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Netanyahu Visits Oman

Simon Henderson and Assaf Orion

Also available in العربية

October 26, 2018


The high-profile nature of the meeting reaffirms Israel’s success in developing ties with Gulf states, as well as the independent character of Oman’s leader.

On October 25, Prime Minister Binyamin Netanyahu traveled to Oman for the first such visit by an Israeli leader in more than twenty years. According to a joint statement issued after the trip, he and Sultan Qaboos discussed “ways to advance the peace process in the Middle East, as well as several matters of joint interest regarding the achievement of peace and stability in the Middle East.”

The reference to the peace process will give Qaboos diplomatic cover from criticism elsewhere in the Arab world, building on the effect of Palestinian leader Mahmoud Abbas’s visit earlier this week. Yet the substance of the conversation may have concentrated on “deepening relations with the states of the region while leveraging Israel’s advantages in security, technology, and economic matters,” in the words of the Israeli Prime Minister’s Office.

Omani state television broadcast video of the visit on the evening news, showing the sultan, who is seventy-eight next month and has been unwell, looking spirited but frail. He introduced Netanyahu to four of his top advisors: Minister of the Royal Court Khalid al-Busaidi, Minister of the Royal Office Sultan al-Numani, Minister Responsible for Foreign Affairs Yousef bin Alawi bin Abdullah, and Head of Liaison and Coordination Munthir al-Said, whose duties center on external intelligence. Netanyahu’s delegation included Mossad chief Yossi Cohen, National Security Council head Meir Ben-Shabbat, and Foreign Ministry director Yuval Rotem.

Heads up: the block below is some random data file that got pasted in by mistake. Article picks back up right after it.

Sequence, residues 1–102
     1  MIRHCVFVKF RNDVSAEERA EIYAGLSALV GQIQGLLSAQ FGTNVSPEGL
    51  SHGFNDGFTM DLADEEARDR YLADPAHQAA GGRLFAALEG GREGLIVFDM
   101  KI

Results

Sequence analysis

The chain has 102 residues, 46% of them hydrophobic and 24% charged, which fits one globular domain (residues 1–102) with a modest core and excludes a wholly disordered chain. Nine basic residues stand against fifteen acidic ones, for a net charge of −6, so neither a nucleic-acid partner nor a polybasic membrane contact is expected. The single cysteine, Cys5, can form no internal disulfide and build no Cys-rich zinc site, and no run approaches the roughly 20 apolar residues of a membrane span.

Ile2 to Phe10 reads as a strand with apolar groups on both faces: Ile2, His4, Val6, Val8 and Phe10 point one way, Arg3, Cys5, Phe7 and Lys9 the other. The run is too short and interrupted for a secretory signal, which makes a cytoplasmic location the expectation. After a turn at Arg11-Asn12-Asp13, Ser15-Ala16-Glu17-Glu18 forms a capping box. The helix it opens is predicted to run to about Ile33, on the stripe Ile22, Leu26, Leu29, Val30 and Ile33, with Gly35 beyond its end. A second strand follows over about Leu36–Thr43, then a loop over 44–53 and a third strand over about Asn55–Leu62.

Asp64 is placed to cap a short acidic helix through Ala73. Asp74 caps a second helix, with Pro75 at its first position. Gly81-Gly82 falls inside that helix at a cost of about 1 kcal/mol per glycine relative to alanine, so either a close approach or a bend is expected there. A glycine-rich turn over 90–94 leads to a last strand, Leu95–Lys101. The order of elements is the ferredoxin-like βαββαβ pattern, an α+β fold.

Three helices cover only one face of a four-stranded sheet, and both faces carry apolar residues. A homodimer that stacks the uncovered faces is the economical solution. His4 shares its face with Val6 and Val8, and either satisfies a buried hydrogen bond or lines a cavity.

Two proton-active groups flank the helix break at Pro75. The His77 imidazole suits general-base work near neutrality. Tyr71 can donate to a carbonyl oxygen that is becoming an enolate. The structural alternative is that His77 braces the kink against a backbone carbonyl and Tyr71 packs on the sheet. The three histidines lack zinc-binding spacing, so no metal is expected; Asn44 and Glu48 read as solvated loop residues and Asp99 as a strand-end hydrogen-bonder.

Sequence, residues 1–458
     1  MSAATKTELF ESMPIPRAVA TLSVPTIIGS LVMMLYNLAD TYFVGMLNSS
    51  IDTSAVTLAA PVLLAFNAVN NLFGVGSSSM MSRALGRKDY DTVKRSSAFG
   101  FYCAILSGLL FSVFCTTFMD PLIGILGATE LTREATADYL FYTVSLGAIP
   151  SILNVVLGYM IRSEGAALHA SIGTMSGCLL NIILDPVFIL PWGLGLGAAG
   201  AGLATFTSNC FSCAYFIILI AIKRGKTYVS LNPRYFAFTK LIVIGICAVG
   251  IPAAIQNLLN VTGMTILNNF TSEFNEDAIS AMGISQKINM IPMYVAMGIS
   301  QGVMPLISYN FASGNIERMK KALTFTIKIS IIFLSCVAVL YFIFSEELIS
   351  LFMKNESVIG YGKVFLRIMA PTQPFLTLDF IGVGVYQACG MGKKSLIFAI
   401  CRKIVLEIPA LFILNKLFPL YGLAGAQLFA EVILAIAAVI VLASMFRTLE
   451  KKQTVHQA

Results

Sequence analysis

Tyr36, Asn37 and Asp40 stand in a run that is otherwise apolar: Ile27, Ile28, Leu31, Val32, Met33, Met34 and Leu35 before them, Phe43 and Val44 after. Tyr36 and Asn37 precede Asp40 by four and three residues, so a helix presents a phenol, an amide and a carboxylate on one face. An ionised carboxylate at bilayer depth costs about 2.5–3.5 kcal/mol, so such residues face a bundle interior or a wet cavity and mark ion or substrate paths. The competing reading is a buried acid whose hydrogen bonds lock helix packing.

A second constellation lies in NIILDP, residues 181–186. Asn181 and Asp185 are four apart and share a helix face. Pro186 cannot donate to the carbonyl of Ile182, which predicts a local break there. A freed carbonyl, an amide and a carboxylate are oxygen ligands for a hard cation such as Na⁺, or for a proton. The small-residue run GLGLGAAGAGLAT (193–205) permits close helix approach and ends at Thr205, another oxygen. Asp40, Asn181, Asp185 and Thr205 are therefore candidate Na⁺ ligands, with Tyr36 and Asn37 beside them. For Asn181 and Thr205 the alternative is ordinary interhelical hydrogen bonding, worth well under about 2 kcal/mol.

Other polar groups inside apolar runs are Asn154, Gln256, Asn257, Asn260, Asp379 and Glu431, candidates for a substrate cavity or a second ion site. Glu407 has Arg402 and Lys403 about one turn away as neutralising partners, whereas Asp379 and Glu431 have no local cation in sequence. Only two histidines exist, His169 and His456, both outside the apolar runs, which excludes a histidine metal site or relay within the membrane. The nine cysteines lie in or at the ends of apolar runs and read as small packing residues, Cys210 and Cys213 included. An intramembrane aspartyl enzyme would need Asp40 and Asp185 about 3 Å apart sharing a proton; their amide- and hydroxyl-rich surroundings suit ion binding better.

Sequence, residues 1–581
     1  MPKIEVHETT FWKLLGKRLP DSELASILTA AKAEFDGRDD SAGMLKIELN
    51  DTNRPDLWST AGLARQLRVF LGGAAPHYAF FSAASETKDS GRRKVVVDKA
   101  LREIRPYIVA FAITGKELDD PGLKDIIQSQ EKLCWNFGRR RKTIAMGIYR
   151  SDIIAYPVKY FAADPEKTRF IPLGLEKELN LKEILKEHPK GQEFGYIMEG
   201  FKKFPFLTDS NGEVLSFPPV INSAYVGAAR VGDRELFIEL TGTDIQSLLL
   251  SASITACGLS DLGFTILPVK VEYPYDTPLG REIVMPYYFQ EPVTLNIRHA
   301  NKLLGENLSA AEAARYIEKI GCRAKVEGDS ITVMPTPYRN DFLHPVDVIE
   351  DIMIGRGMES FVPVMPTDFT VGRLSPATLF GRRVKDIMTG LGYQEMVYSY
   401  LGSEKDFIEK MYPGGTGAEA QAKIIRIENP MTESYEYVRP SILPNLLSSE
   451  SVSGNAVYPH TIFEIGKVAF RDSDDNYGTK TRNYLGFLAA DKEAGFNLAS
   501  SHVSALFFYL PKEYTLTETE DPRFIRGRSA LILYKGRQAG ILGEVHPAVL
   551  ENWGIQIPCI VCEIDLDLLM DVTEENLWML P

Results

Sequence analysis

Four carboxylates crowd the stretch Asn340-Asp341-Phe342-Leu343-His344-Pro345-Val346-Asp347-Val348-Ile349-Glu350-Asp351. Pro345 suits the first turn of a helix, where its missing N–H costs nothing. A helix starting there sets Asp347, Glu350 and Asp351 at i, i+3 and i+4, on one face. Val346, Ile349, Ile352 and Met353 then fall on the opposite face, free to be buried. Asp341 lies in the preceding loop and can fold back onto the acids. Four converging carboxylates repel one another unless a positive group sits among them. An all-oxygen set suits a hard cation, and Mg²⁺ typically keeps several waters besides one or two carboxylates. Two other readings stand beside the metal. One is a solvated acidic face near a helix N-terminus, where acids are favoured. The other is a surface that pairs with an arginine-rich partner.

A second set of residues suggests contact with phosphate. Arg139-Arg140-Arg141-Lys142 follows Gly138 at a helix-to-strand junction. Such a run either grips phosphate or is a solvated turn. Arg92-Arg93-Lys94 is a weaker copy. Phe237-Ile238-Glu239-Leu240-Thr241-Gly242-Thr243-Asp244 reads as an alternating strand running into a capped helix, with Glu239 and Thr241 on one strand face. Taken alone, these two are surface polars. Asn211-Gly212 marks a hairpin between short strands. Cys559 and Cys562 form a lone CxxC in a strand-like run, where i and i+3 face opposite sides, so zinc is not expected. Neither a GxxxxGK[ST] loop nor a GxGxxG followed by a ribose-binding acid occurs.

The last such visits occurred before the turn of the century. Prime Minister Yitzhak Rabin traveled to Oman in 1994, and acting prime minister Shimon Peres hosted Yousef bin Alawi in Jerusalem a year later. In 1996, the two countries agreed to establish reciprocal trade representative offices, with Peres formally opening the one in Muscat. Although Oman closed the office after the second Palestinian intifada broke out in 2000, it continued allowing Israeli representatives to stay in the country. Undeclared intelligence and security relations between the two governments have since become very close. And as with other Gulf states, Muscat allows non-identifiable Israeli products to be sold inside Oman.

For Israel, the visit shows that Netanyahu’s regional approach is paying dividends, which could prove useful domestically if the next elections are held soon as expected. It also shows Muscat’s role as a possible back channel with Iran, perhaps relating to Syria. For Qaboos, the meeting may help deflect criticism of his relations with Tehran and his willingness to tolerate the transshipment of Iranian weapons to Houthi rebels in Yemen. In addition, it implies that Saudi Arabia and the United Arab Emirates are not the only regional routes for Israeli diplomacy. For Washington, the meeting is another good first step down the long road to reviving the peace process.

Simon Henderson is the Baker Fellow and director of the Bernstein Program on Gulf and Energy Policy at The Washington Institute. Assaf Orion, a retired Israeli brigadier general and defense strategist, is a visiting military fellow at the Institute.